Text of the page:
This 3.65 weight percent sodium chloride solution can be made by dissolving 3.65 grams of sodium chloride in 96.35 grams (mL) of purified freshwater. This recipe can be scaled to any appropriate size if suitable instruments are available (36.5 grams in 963.5 grams (mL) of water, 0.365 grams in 9.635 g (mL) of water, etc.).

This concentration roughly corresponds to ¼ cup (73.1 g) of Morton’s Iodized Salt dissolved into two liters (2000 g) of water (giving very slightly more than 2 L of total volume).
@Randy Holmes-Farley Is this the correct salinity/calibration? It’s 35 on the right but that’s %?

image.jpg
 
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Randy Holmes-Farley

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That means I have a 1.035 or 45 ppt of salinity. How do I get that lower? Because my alk will also be high right?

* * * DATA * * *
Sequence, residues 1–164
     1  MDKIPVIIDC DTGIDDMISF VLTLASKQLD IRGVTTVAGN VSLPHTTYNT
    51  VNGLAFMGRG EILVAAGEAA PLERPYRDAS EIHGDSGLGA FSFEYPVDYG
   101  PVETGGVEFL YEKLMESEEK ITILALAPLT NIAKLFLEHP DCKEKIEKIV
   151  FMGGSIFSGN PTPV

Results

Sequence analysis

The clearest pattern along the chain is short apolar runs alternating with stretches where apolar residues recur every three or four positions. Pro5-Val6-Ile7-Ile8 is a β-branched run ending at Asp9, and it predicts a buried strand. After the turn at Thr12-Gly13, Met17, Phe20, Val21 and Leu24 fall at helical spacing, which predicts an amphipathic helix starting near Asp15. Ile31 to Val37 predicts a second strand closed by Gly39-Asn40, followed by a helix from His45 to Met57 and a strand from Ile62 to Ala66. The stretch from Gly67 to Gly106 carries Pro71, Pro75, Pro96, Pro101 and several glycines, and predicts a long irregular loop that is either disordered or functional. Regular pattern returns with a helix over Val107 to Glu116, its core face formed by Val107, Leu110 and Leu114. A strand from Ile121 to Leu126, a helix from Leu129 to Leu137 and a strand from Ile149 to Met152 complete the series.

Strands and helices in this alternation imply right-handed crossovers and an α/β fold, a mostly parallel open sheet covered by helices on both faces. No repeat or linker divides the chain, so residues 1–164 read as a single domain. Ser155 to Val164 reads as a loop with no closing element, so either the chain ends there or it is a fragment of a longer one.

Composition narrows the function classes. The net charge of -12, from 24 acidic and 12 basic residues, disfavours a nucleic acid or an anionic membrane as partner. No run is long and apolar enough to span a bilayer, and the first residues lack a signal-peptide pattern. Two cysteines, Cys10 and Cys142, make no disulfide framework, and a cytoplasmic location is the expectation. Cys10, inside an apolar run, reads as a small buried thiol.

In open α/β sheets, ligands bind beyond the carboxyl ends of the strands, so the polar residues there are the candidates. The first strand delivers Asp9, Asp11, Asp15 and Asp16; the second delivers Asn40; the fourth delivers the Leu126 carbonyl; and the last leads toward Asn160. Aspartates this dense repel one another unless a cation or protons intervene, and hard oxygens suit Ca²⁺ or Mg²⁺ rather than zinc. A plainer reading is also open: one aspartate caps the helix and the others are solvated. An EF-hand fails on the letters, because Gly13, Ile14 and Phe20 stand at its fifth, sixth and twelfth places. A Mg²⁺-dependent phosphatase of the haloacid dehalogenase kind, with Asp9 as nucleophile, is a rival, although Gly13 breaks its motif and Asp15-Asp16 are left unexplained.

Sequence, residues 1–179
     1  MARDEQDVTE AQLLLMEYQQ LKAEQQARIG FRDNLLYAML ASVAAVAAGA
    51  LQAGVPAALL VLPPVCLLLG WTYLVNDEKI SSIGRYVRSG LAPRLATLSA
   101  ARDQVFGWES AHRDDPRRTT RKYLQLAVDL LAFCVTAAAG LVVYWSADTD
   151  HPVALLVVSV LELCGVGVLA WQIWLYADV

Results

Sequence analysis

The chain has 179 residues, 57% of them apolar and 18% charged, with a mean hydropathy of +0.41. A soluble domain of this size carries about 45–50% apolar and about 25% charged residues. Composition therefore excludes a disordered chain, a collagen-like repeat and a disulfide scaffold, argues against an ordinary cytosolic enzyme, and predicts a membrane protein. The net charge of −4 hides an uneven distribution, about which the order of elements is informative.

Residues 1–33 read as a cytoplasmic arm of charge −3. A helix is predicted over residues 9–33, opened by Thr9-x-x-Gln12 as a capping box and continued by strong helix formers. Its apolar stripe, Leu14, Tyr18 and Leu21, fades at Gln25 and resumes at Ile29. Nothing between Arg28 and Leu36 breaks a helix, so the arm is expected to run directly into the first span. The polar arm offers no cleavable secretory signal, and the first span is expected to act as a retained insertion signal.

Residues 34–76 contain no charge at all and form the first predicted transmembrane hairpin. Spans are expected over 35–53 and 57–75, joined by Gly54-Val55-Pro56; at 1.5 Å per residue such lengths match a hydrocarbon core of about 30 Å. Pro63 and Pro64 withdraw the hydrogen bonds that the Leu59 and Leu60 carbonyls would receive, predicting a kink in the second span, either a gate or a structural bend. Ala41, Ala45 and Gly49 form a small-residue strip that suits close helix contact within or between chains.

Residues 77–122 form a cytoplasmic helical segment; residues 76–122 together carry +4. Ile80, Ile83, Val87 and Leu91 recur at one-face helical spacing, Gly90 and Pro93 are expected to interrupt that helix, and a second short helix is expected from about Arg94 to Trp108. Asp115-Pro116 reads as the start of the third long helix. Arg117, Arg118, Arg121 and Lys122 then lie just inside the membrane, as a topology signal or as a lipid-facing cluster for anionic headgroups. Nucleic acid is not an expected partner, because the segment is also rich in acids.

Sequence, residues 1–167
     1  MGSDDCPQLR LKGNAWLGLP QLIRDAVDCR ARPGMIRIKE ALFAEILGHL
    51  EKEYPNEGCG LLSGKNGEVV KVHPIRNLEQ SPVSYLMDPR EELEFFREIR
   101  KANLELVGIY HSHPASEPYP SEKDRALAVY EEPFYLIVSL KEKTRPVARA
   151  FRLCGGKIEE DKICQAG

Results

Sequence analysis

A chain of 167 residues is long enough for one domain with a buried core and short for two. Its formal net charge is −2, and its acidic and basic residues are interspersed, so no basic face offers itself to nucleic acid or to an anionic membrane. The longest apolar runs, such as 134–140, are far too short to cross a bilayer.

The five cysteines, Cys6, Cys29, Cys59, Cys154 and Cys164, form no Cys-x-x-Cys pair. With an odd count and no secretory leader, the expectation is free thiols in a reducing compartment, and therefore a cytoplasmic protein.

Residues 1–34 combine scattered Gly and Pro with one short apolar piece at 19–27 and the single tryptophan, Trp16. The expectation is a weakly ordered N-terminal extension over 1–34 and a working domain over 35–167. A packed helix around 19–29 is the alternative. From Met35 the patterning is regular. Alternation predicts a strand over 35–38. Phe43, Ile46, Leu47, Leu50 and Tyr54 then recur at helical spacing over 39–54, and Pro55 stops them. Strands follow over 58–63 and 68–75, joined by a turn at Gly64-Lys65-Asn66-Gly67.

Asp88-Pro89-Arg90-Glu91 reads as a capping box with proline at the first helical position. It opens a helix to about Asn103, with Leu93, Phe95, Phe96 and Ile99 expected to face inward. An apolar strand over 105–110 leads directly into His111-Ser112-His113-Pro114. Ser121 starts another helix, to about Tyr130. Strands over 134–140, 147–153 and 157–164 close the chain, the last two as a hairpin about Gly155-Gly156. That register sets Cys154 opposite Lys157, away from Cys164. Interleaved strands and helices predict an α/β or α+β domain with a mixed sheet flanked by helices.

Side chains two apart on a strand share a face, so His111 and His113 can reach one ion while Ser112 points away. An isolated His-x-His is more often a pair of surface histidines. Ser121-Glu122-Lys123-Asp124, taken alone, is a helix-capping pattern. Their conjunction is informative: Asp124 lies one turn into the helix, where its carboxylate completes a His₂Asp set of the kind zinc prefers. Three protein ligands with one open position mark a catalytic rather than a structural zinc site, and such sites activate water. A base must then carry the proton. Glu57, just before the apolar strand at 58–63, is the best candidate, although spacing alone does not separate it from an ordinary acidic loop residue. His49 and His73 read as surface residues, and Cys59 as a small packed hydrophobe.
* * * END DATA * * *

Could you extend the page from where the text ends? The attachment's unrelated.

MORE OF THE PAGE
The way to lower your salinity is to add more fresh RODI water.
Looking through this thread it looks like you mixed all your water in the tank. Is that correct? In future I’d recommend mixing all water in either 5 gallon food grade buckets or a food grade brute trashcan. Then you can test the salinity of your water and make sure it’s correct *before* adding it to your tank.

If your salinity is too high in your tank now, the way to lower it would be to remove some of the salt water and replace it with fresh and test the salinity after you’ve swapped some water. Keep going until you have the salinity right.
 

Randy Holmes-Farley

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That means I have a 1.035 or 45 ppt of salinity. How do I get that lower? Because my alk will also be high right?

Is the picture shown your result? If so, it is around 35 ppt.

if not, it can be lowered slowly by removing salt water and replace with RO/di
 
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Is the picture shown your result? If so, it is around 35 ppt.

if not, it can be lowered slowly by removing salt water and replace with RO/di
Yeah that’s what i’ve been doing rn. Already got it down 1 ppt :). I’ll keep doing that. Technically the alk and everything else should go down with it right?